Eva Husson has been a major talent to watch for since beginning her directorial career 15 years ago. After producing two short films her debut narrative, Bang Gang (a modern love story) guaranteed high praise when it premiered at the Toronto International Film Festival. Three years later, she returned to the festival with her film Girls of the Sun, the story of Kurdish female fighters (and the horrors they endured under oppression). Told in two interwoven stories, Husson manages to create an epic war story with limited funds and time.
Lesley Coffin: Was the story of Girls of the Sun based on a real battalion?
Eva Husson: The first trigger was a news article which mentioned these women referred to as girls of the sun. It turned out however that the article was in fact propaganda. When I finally met them, I learned they weren’t fighting but a PR thing who could be shown to journalists. Western journalists of course love that kind of thing. But I then learned that among the guerilla fighters, which is not the same thing as the official army, there include female and as I went on with my research there were battalions starting to be formed amongst women.
Lesley Coffin: Were you originally thinking of basing the film on those articles?
Eva Husson: No, because there was no narrative. There were a lot of them at the time but no content, which made me question if they existed and forced me to do my own research. The problem with those initial articles I read was that they didn’t give me any meat.
Lesley Coffin: How did you come up with the idea of having two narratives which ultimately merge, rather than use a more straight forward one?
Eva Husson: At first I planned to set the entire movie in the present time, but I quickly realized that you can’t truly empathize with these women fighters if you didn’t know their journeys. And I felt it would be more efficient to tell one of those stories by having a story which mirrored the events in the present time. And the second consideration was financial. It’s easier to tell a story like this with flashback because you won’t have to film as many of the in-between scenes. We made Girls of the Sun for a ridiculously small amount of money and we only had 37 days to film, so on that scale you must make choices about what you can afford to film?
Lesley Coffin: Did you have to deal with government or political permission to depict the army? I know in America it can be difficult to depict the military without having to go through their offices.
Eva Husson: I didn’t have to deal with that directly, but I did ask myself that. One of the reasons I took out all the battalion names out of the film. The Kurdish conflict is a thousand years old, so trying to deal with it in a two-hour movie would never work. And the film isn’t about that, it’s about the women in war trying to maintain their own sense of dignity. So, I really tried to boil the film down to its essential elements. The only battalion name a kept in the film was Girls of the Sun, which was a propaganda creation. But we got all the weapons and uniforms from the Jordan government.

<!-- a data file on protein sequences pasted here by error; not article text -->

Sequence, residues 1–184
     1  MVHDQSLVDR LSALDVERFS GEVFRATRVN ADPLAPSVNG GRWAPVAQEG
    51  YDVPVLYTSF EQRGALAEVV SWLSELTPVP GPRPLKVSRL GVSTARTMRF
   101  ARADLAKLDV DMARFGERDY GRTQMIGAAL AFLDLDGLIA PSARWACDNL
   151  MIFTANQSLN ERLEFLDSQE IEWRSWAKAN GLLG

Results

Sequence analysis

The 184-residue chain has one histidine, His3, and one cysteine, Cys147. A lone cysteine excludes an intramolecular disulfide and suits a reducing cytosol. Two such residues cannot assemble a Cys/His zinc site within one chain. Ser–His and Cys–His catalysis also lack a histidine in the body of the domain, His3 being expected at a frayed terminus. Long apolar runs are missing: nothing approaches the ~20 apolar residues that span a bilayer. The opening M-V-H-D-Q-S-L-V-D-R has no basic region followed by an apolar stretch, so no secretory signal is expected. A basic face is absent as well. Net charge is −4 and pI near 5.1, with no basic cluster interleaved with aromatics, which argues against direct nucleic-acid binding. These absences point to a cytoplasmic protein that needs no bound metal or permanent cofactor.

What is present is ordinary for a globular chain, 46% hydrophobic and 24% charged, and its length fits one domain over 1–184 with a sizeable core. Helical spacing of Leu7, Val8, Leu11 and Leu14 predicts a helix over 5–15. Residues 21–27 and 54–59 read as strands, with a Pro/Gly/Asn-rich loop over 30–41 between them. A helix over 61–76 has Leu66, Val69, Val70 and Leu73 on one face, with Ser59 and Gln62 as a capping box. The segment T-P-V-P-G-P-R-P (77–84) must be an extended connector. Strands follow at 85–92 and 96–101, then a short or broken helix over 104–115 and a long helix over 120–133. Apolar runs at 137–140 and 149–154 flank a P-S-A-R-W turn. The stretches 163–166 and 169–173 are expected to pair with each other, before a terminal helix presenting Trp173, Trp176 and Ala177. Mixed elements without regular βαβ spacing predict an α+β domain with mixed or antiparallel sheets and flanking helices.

Lesley Coffin: Did you go back and forth with the title because of those articles’ connection to propaganda?
Eva Husson: I went back and forth about that a lot. I didn’t want to suggest I was choosing sides with one side or another. And people were not happy about that, but I didn’t make the movie to make them happy.
Lesley Coffin: The film does deal with sexual violence and ultimately sexual slavery during war, and it was noticeable the scenes you choose not to include which other films probably would have. What decisions did you come to before or even during production about how to depict those elements of the story?
Eva Husson: I think that rape has been mainly depicted by men and through the male gaze. And I have been countless movie theaters which made me very uncomfortable which made me question why scenes were included. Is this about showing the horror of rape or is this about the director sort of enjoying what he’s filming in a very unhealthy why. The more I read about feminism the more I realized that the depiction of rape is a powerful tool used to keep women in check. It’s showing what could happened to you if you don’t do as you’re told. So, I wanted stay far away from that and show that rape is a political tool of oppression. I couldn’t film this story without talking about rape because in conflicts, 70% of victims are women. And that isn’t the way war is depicted in most of our films. We still haven’t represented enough of the other side. You don’t have to shy away from representing rape, but there is another way to depict it.
Lesley Coffin: Building off what you just mentioned, and what the film depicts, did you see the film as depicting the female experience of war in a more universal sense, outside of this specific conflict? The fact that women are often the victims of war and violated sexually, but there have also been and will be women fighting alongside men?
Eva Husson: That was the biggest thing I learned when I started doing research. I was so ignorant about women in war. I really thought the Kurdish women the first female fighters. Have you seen a film about the 1 million women who fought on the Russian front? There is about that but where are the films? Women have been fighting since the dawn of time. They are just now starting to rewrite the history of Viking wars to include the female warriors. Women have been cut out of that part of history, western society especially has been good at teaching us that women don’t fight back, so I had to go searching for those stories myself.
Read FF2 Media’s review HERE.
(C) Lesley Coffin (4/10/19) FF2 Media
Photo credit: Cinéart